There are twice as many empty shops in towns and cities in the North of England than there are in the South, according to new figures.
Research from the Local Data Company (LDC) revealed that one in five retail units in the north of the country were vacant, compared to one in 10 in the South.
The study also revealed that the rate of shop vacancies across the country stood at 13.3% at the end of last year, down from a peak of 14.6% in February 2012.
The north east was found to be the worst hit region, with a shop vacancy rate of 18.8% in the second half of 2014. This was down 0.3% on the same time in 2013.
London was the best performing region with a vacancy rate of just 8.7%, a drop of 0.4% on the previous year.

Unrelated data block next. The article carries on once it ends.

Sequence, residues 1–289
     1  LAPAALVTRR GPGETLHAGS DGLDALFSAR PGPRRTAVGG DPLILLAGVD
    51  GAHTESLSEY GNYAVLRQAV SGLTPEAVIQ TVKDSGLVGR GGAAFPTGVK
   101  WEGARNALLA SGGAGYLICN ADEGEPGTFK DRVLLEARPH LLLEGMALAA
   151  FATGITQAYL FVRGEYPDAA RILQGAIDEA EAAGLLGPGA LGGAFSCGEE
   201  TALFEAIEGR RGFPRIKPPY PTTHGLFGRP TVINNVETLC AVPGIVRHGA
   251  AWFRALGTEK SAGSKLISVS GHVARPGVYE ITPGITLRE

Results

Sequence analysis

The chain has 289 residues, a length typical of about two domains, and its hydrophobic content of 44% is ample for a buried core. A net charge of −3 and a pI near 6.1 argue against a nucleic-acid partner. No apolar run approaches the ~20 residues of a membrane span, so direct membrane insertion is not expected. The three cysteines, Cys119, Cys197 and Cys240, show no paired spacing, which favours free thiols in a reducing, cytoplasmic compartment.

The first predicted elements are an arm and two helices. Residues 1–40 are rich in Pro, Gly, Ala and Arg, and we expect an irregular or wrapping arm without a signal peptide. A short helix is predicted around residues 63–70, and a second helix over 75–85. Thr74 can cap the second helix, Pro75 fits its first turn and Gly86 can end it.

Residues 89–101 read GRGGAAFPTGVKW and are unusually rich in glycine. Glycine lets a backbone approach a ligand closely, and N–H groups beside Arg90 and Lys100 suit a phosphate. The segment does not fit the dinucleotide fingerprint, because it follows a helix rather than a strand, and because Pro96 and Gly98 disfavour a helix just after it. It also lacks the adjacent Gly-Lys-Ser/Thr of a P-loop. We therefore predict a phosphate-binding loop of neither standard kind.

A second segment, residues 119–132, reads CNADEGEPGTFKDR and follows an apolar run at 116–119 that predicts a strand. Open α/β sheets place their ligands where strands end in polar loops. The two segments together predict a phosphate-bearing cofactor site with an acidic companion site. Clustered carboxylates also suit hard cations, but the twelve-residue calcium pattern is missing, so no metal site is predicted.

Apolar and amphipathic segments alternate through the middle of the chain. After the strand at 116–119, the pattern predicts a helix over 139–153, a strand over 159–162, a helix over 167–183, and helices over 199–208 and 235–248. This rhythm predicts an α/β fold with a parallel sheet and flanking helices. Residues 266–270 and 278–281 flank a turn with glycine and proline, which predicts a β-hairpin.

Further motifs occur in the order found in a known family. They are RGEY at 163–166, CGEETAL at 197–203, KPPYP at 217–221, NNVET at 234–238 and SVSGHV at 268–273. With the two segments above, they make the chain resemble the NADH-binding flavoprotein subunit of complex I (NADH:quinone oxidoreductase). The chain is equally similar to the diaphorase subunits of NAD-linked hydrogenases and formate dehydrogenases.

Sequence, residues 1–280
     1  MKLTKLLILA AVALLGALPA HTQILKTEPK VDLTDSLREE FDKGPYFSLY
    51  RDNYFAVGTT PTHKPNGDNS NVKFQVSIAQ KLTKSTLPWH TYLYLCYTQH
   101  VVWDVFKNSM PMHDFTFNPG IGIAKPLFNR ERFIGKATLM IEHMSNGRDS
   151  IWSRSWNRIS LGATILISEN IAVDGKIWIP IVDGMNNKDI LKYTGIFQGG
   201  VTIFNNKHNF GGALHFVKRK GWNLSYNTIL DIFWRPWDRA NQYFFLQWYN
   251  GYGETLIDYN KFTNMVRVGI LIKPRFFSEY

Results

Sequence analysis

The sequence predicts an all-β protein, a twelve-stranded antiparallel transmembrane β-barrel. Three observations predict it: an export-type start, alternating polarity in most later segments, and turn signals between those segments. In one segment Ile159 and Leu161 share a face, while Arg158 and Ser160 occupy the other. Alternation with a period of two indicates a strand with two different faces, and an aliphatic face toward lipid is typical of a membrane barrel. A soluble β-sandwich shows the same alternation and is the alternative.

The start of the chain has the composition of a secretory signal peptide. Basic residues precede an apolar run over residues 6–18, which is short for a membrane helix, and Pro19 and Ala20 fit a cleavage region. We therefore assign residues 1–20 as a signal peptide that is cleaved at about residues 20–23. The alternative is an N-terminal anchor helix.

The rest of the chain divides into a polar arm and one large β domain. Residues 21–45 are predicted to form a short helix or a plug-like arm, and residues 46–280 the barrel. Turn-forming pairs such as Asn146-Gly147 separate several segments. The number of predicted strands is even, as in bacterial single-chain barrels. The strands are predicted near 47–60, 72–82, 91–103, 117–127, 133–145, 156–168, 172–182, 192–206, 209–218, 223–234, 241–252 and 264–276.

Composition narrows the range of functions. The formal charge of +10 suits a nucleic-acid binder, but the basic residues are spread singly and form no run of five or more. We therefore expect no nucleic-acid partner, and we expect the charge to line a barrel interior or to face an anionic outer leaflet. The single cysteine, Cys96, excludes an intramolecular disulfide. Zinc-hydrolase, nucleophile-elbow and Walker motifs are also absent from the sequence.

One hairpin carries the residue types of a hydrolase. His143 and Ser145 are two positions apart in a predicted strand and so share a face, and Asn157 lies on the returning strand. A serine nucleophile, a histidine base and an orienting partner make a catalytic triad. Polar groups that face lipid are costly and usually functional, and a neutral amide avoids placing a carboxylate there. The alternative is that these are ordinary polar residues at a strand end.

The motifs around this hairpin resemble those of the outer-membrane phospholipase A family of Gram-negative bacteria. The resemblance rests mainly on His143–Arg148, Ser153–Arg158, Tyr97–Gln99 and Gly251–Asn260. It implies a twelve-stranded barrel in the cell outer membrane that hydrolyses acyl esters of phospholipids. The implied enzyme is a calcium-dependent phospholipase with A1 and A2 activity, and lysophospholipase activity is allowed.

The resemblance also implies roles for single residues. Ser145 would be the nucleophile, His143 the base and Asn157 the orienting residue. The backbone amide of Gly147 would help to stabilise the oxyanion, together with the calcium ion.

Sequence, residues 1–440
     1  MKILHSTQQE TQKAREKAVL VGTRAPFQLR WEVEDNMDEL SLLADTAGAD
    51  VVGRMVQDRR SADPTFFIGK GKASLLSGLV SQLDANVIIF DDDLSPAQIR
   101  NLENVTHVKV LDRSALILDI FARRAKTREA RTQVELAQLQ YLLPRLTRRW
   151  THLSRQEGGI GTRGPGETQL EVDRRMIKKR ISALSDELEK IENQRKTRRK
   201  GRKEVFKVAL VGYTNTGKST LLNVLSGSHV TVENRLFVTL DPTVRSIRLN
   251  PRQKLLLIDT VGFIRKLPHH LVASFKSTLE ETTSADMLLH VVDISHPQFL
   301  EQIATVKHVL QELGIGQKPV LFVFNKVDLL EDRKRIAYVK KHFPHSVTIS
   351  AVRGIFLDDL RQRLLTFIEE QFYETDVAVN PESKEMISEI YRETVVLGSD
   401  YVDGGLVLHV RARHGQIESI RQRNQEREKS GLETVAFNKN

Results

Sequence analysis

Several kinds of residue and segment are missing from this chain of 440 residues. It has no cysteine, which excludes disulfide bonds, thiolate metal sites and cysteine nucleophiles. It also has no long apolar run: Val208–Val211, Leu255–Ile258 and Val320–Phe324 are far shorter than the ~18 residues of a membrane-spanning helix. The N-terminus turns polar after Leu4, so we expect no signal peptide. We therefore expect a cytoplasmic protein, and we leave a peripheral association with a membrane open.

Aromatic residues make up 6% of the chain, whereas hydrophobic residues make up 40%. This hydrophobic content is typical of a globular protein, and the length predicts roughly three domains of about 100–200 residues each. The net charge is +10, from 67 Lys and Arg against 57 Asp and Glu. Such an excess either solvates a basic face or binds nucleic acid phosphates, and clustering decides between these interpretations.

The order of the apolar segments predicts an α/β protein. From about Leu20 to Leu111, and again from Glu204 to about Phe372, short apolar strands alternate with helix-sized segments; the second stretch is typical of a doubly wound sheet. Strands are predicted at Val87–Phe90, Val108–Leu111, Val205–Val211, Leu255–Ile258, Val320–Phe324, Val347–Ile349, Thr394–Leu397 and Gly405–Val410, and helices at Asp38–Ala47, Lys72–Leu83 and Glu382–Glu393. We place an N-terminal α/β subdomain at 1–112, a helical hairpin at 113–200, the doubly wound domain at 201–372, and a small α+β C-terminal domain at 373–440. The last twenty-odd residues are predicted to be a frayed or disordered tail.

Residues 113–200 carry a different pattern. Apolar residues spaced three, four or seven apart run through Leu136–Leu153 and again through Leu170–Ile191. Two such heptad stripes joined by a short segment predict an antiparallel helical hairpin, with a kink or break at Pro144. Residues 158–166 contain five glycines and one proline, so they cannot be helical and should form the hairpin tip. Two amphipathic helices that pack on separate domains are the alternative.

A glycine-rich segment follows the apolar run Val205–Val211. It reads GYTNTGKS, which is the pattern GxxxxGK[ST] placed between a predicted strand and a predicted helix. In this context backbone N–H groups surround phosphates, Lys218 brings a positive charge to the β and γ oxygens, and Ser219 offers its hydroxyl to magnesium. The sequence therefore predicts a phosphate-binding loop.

Despite the obvious North-South divide, the LDC said there had been a “marked improvement” overall.
But the report also found that 20% of all shops it tracked – around 10,000 stores – had been lying empty for more than three years. LDC director Matthew Hopkinson said that was “the equivalent of five Manchesters” being vacant.
The latest figures come weeks after supermarket giant Tesco said it would close 43 stores and scrap the opening of 49 new sites across the UK.
Hopkinson said: “At a regional level the polarisation between the north and the south is as wide as ever with London’s vacancy rate being less than half that of the northern regions.
“While the numbers announced to date are small beer to the totals, the significance lies with the fact that whilst traditional shops have been closing it has been the supermarkets and convenience stores that have been expanding significantly which has kept the occupancy rates balanced.
“The question as to who will occupy these newly vacant stores as well as those, which have been empty for a while is a very difficult one to answer positively.”